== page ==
• What can be better than a writer who knows you don't have to beat a dead horse (angst) to make a good show. Coming back to this episode after such a long time without "Men In Trees" being in the schedule is a fresh breath of clean Alaskan air!moreless

    How do I love? Let me count the ways...

    "Men In Trees" reminds me so much of why I loved "Sex And The City." It's smart, it's contemporary, it shows women not only being vulnerable but strong and highly intelligent. (Ok, so Marin gets lost in the woods. She doesn't really give in to her predicament until its no longer safe to do so and hey, she has to learn how to navigate the woods surrounding her house anyhow. Right?)

    I love the upbeat nature of this show. Even in its drama it manages to have a heart of gold attached. There are so few dramas who are willing to portray the goodness of the human predicament. If we, as a country, are ever going to find our way back to caring about one another full-time instead of when our heart strings are pulled to do so, we need more examples of characters like these. They live, they love, the forge through the difficult hills and valleys of their lives.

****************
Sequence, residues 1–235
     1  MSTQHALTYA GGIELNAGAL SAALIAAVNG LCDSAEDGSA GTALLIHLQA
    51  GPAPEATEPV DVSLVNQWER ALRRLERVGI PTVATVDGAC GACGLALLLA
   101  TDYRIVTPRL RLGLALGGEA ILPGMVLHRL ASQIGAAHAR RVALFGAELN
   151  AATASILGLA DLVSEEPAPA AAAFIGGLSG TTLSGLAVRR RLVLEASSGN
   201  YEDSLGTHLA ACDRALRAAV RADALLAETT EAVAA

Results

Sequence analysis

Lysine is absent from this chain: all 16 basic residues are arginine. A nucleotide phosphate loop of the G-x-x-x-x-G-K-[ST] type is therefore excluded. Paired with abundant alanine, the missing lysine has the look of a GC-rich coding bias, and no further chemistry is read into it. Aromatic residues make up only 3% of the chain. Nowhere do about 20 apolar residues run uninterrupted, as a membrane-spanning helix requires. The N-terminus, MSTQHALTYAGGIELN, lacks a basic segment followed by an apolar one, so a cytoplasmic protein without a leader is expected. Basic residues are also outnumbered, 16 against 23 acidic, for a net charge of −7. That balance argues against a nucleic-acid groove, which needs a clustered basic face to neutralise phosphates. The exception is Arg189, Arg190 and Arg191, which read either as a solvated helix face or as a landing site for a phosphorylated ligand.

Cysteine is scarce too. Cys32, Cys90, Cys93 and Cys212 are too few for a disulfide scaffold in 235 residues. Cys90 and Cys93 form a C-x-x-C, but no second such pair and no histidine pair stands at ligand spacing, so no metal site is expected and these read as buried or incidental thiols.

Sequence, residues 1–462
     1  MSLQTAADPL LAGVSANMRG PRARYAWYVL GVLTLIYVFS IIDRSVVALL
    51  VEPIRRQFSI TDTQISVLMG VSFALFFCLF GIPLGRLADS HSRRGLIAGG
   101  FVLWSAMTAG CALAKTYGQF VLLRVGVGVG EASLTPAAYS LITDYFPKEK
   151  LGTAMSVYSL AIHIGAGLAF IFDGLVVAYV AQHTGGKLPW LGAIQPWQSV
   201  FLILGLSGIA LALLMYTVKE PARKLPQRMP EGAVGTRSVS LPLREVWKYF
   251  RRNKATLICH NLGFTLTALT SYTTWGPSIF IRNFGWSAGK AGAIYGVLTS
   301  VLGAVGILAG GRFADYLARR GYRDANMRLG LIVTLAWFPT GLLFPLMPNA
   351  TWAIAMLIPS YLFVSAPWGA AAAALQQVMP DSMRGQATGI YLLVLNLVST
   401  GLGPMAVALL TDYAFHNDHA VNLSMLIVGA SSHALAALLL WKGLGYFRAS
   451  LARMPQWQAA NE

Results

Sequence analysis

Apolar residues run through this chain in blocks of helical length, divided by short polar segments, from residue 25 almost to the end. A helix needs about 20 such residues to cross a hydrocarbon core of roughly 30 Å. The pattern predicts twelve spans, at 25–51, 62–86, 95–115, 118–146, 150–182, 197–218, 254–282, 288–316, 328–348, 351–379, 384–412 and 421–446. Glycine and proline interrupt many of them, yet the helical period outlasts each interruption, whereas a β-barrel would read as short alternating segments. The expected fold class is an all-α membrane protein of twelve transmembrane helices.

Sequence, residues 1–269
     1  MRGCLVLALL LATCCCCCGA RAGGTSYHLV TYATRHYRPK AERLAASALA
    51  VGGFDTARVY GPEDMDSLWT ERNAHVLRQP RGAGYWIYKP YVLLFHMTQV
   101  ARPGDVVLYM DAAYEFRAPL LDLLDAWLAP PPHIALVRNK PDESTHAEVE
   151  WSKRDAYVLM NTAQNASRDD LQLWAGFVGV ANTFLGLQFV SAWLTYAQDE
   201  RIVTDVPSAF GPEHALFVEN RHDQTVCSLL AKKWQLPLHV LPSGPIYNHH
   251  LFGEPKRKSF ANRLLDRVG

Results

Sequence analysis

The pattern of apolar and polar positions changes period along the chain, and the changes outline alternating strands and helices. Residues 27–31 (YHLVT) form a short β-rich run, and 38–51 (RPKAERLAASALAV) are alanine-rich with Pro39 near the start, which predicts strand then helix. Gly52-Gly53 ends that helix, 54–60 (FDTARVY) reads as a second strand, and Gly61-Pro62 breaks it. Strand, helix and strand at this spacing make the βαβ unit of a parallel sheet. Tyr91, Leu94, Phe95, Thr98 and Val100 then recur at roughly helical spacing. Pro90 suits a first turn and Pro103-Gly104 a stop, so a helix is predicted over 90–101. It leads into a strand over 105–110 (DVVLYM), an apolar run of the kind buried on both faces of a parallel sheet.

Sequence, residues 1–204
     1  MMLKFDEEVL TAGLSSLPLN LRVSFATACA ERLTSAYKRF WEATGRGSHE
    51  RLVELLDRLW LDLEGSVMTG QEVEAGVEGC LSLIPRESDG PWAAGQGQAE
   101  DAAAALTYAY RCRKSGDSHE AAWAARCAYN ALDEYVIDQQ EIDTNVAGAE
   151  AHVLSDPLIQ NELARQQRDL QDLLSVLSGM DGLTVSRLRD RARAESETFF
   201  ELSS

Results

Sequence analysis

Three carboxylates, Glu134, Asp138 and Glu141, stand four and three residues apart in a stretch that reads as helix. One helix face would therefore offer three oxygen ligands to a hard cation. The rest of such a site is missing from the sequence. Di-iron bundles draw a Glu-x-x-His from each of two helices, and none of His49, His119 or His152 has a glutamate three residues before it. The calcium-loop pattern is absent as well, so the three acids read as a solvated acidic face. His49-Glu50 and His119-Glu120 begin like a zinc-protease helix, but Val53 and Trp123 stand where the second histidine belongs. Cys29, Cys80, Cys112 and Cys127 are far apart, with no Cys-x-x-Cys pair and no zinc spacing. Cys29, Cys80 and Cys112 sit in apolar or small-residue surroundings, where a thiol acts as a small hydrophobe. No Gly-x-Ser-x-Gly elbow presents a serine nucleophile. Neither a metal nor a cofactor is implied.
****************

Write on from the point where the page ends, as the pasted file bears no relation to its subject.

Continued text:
I love the way both James Tupper and Anne Heche allow the true nature of love to shine through their beings. Yes, I realize at some point along the way they were supposed to be involved in real life (I don't read the tabloids much, so I'm really not privy to the latest rumors). There's just something magical when an actor is so profound with his or her craft that for those 40-45 minutes I feel like I'm in love too.